There is nothing more comforting on a chilly day than a steamy bowl of delicious French onion soup. Especially when it’s filled with caramelized onions and topped off with a thick slice of toasted bread loaded with mouth-watering melted cheese.
There are two essential components of excellent French onion soup.
The first is that the stock. Your soup will only ever be nearly as good because of the stock that you’re using. This soup is traditionally made with beef broth, though sometimes an honest beef broth is often hard to return by and pretty expensive to form. If you’re using boxed stock, make certain to taste it first. If the taste isn’t to your liking, simply don’t use it. If you cook tons of beef, save the scraps and freeze them to form a stock with later.
The second important element is correctly caramelized onions. Caramelizing the number of onions that are needed during this recipe will take around 40 minutes. Caramelizing may be a chemical change that only occurs when the sugars within the onion reach a particular temperature. this may only happen after an extended cooking time – the more caramelized, the deeper the color of the onions and therefore the more flavor you’ll get
• 6 large red or yellow onions (about 3 pounds), peeled and thinly sliced root to stem - about 10 cups of sliced onions total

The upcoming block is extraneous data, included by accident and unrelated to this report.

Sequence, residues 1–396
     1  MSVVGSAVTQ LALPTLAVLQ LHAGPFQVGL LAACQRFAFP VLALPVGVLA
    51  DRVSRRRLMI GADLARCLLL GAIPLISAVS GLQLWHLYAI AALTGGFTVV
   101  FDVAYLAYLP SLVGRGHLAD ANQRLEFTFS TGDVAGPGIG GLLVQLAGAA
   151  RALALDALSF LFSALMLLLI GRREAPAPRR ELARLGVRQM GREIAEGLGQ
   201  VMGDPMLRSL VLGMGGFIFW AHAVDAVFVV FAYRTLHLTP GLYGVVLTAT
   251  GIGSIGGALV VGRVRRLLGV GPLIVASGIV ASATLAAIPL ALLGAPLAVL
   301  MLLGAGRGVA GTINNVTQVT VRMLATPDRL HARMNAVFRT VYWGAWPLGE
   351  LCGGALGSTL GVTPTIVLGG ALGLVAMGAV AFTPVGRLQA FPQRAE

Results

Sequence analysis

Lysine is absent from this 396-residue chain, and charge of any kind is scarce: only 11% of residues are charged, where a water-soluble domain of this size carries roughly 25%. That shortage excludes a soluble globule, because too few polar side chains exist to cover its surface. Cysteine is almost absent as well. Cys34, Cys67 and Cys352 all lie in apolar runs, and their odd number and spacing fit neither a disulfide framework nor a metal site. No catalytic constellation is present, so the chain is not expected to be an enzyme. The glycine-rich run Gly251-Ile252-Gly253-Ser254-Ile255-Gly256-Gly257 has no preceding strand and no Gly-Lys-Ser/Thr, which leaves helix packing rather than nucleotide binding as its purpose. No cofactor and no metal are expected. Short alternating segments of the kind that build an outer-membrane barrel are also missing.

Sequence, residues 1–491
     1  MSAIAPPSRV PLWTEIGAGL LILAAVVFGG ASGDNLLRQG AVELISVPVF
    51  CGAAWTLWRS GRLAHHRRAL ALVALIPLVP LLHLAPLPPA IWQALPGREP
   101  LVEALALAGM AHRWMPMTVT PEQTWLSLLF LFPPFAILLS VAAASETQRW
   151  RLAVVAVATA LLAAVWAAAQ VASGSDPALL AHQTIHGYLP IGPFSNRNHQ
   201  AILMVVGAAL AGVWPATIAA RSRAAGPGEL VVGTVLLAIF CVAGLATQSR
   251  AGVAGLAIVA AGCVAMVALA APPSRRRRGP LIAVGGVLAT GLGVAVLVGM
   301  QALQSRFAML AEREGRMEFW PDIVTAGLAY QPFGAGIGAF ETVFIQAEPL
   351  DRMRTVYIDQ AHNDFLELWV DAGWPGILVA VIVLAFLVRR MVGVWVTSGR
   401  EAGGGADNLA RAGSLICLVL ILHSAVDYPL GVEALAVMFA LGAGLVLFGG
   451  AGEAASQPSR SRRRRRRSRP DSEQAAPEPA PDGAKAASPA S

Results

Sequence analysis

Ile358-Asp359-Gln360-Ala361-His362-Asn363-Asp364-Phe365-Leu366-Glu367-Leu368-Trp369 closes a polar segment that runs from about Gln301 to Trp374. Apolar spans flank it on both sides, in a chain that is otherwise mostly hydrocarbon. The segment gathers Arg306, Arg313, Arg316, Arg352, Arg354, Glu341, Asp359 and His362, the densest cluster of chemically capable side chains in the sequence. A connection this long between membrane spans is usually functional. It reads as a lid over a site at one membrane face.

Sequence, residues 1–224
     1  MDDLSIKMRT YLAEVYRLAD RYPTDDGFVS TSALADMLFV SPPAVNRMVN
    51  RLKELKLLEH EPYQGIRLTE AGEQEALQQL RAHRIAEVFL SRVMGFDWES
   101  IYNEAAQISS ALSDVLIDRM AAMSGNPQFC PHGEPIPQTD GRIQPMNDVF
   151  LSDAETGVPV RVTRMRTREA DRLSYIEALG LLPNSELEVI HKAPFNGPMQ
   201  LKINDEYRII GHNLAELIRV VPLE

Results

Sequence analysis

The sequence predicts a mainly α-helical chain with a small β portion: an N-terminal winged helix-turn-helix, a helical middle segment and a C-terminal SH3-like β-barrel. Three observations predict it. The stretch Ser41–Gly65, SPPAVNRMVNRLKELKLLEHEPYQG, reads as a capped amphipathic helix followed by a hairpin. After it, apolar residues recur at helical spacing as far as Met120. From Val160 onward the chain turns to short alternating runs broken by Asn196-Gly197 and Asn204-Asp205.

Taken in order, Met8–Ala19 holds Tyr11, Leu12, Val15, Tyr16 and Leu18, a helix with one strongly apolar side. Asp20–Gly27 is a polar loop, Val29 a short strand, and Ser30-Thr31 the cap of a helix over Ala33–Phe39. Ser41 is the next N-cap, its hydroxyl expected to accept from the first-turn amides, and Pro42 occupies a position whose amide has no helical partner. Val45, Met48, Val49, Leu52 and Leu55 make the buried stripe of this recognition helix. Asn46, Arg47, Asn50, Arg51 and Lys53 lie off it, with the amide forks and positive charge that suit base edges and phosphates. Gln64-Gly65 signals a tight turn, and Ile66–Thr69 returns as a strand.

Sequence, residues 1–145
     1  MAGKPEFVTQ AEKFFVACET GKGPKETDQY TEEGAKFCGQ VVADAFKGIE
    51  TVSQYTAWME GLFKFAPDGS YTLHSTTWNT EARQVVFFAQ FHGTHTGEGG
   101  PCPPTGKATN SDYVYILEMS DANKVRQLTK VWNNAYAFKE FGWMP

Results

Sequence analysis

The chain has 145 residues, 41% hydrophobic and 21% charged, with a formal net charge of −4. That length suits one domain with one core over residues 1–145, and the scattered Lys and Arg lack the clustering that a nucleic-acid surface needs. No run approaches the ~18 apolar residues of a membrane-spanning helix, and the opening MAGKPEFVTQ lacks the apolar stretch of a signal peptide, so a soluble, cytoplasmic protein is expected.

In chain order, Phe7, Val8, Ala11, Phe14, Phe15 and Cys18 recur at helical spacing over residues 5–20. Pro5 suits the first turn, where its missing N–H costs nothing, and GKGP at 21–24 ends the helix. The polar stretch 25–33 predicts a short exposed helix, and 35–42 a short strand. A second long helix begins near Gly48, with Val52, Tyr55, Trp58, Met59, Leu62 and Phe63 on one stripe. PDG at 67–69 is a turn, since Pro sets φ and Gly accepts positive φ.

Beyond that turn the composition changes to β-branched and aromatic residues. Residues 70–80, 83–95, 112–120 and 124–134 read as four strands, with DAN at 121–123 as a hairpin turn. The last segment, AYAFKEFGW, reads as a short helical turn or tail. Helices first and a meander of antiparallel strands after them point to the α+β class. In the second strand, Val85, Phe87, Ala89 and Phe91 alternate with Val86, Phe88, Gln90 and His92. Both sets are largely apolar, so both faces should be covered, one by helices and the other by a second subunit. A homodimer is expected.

• 4 Tbsp Olive oil
• 2 Tbsp butter
• 1 teaspoon of sugar
• 2 cloves garlic, minced
• 8 cups of beef stock, chicken stock, or a combination of the two (traditionally the soup is made with beef stock)
• 1/2 cup of dry vermouth or dry white wine
• 2 bay leaves
• 4 teaspoons of fresh thyme (can also use a few sprigs of fresh thyme) OR 1 teaspoon dried thyme
• 1/2 teaspoon freshly ground black pepper
• 2 Tbsp brandy (optional)
• 8 inch-thick slices of French bread or baguette
• 1 1/2 cups of grated Swiss Gruyere and a sprinkling of Parmesan
1. Caramelize the onions: In a 5 to 6 quart thick-bottomed pot, heat 3 tablespoons of olive oil on medium heat. add the onions and toss to coat with the olive oil.
2. Cook the onions, occasionally stirring, until they have softened, about 15-20 minutes.
3. Increase the heat to medium-high. Add the remaining tablespoon of olive oil and the butter. Cook, stirring often, until the onions have started to brown, about 15 minutes more.
4. Sprinkle with sugar (to help with the caramelization) and then add 1 teaspoon of salt and continue to cook until the onions are well browned, around 10-15 minutes more.
5. Add the minced garlic and cook for a further minute.
6. Deglaze the pot with vermouth: Add the vermouth to the pot and scrape up the browned bits on the sides and bottoms of the pot, deglazing the pot as you go.
7. Add stock and seasonings: Add the stock, bay leaves, and thyme. Bring to a simmer, cover the pot and lower the heat so that you maintain a low simmer. Cook for about 30 minutes.
8. Season to taste with more salt and add freshly ground black pepper. Discard the bay leaves. Add brandy if you're using it.
9. Toast French bread slices: While your soup is simmering, line a sheet pan with foil and preheat the oven to 450°F with a rack on the upper third of the oven.
10. Brush both sides of the French bread or baguette slices lightly with olive oil.
11. Put in the oven and toast until lightly browned, about 5-7 minutes. Remove from the oven, turn the toasts over and sprinkle with the grated cheese. Return to the oven when it's close to serving time, and bake until the cheese is bubbling and light brown.
12. Ladle soup into a bowl and place one cheesy toast on top of each bowl to serve.